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Tue Nov 24, 2015, 10:07 AM

After Paris attacks, French leaders reposition for presidential race

Hollande plays father of nation, Sarkozy torn
By: Reuters | Paris | November 18, 2015 12:46 PM

While France mourns the dead in the Paris attacks by Islamic State, President Francois Hollande and his two likely main challengers are calibrating their response with one eye on the 2017 presidential election.

Francois Hollande, 61, a Socialist who is deeply unpopular due to high unemployment and economic stagnation, is using the advantages of incumbency to reinvent himself as a decisive war leader and a compassionate father of the nation.

Nicolas Sarkozy, 60, his centre-right predecessor, is hesitating between statesmanlike support for national unity at a time of crisis in the wake of Paris attacks and the itch to criticise a successor he has always belittled as weak and irresolute.

Paradoxically, hard right National Front (FN) leader Marine Le Pen, 47, initially softened her shrill anti-Islamist, anti-immigration rhetoric after the Paris attacks, apparently convinced that events were turning voters in her direction anyway. It didn’t last long.

In what many have called France’s “9/11 moment”, Hollande won a standing ovation from a rare joint session of parliament on Monday after declaring that France was “at war” with Islamic State militants, and would wage a merciless campaign against them while beefing up its internal security. The respected centre-left daily Le Monde headlined it “Hollande’s security U-turn.”



Hollande, whose approval rating had sunk to 13 percent, the lowest in the history of France’s 57-year-old Fifth Republic, enjoyed a brief bounce after his widely praised handling of a previous set of deadly Islamist attacks on the satirical weekly Charlie Hebdo and a Jewish supermarket in Paris in January.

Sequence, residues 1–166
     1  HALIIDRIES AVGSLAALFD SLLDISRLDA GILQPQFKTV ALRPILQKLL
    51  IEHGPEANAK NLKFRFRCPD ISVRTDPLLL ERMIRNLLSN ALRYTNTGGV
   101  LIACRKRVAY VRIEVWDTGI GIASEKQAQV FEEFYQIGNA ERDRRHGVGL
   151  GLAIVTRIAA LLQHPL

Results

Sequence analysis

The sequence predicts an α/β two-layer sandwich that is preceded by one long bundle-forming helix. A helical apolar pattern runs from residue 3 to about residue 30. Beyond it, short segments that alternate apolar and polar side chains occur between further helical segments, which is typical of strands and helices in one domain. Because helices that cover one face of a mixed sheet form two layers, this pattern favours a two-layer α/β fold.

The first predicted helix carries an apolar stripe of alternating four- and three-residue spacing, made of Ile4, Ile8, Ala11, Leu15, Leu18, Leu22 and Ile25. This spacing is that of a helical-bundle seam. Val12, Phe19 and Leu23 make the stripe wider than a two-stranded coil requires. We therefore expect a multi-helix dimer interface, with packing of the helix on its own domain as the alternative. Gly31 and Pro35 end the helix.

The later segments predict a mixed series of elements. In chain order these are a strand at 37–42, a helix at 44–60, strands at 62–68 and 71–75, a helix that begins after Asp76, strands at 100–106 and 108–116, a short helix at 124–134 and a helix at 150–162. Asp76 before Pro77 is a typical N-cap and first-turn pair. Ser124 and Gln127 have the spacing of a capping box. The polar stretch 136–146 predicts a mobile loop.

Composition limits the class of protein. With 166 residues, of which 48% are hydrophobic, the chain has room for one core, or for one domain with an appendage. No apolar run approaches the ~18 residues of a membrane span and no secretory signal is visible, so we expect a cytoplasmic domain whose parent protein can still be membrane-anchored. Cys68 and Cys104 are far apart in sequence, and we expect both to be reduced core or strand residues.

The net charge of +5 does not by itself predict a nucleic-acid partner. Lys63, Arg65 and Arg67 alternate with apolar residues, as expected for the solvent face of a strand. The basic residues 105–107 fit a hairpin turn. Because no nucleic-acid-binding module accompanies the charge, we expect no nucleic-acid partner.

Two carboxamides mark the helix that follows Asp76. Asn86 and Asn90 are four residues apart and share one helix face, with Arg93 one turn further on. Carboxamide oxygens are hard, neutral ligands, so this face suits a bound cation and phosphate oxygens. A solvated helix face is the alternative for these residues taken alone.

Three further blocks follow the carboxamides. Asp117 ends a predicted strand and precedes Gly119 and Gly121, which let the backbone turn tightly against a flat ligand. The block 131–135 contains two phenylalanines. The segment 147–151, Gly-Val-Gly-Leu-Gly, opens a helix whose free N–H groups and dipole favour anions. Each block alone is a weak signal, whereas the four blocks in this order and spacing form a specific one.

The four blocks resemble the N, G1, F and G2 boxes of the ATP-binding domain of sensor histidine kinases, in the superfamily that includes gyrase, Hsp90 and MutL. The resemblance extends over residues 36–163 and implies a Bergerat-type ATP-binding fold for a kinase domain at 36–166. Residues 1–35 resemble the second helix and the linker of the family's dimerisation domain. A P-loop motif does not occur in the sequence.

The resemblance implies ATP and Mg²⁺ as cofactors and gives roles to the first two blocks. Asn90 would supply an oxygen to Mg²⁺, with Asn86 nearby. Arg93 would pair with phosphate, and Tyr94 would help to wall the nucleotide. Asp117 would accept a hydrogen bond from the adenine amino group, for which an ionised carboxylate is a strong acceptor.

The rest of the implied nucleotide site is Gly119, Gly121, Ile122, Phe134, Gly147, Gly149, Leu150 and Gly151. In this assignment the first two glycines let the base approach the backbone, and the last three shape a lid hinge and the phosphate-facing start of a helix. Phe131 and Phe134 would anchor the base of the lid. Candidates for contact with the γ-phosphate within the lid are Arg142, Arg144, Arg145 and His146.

The president led a million-person march with world leaders in support of freedom of speech after overseeing decisive police intervention that saved dozens of lives then, and striking a tone that embodied national dignity and determination.

The upturn did not last long. The Socialists suffered heavy losses in municipal elections in March. The economy has since begun to pick up slowly, and unemployment finally seems to have peaked, but Hollande has drawn scant political benefit.

He has said he will seek re-election in 2017 only if his government has succeeded in reversing the rise in jobless rolls.

In the three-horse presidential race that was shaping up before the Paris attacks, many analysts were predicting the left could be eliminated on the first round, as Socialist Lionel Jospin was in 2002, leaving a run-off between Sarkozy and Le Pen. Her father was beaten in the second round by then-President Jacques Chirac.

Another such outcome no longer looks quite as likely.

“You could expect the extreme-right and the left to benefit from the situation in the first instance – the far-right because the issues are its traditional strengths, and the left because it has finally embraced the issue of security,” said Jean-Daniel Levy, head of politics at pollster Harris Interactive.

The coming weeks will give Hollande more opportunities to display statecraft. He has visits to Washington and Moscow planned for next week, billed as an effort to persuade the two biggest global powers to make common cause against Islamic State.

And by invoking the European Union’s mutual assistance clause and declaring that security spending comes before EU budget rules, Hollande offered something to pro-Europeans, sovereigists and leftists alike.

But voters are ultimately likely to judge him on his economic results, and the Paris attacks could weaken a feeble recovery, making it harder to seriously reduce jobless queues.

“Economic concerns will return to the fore” once the threat of terrorism has receded, said Gael Sliman, president of the Oxoda polling institute.


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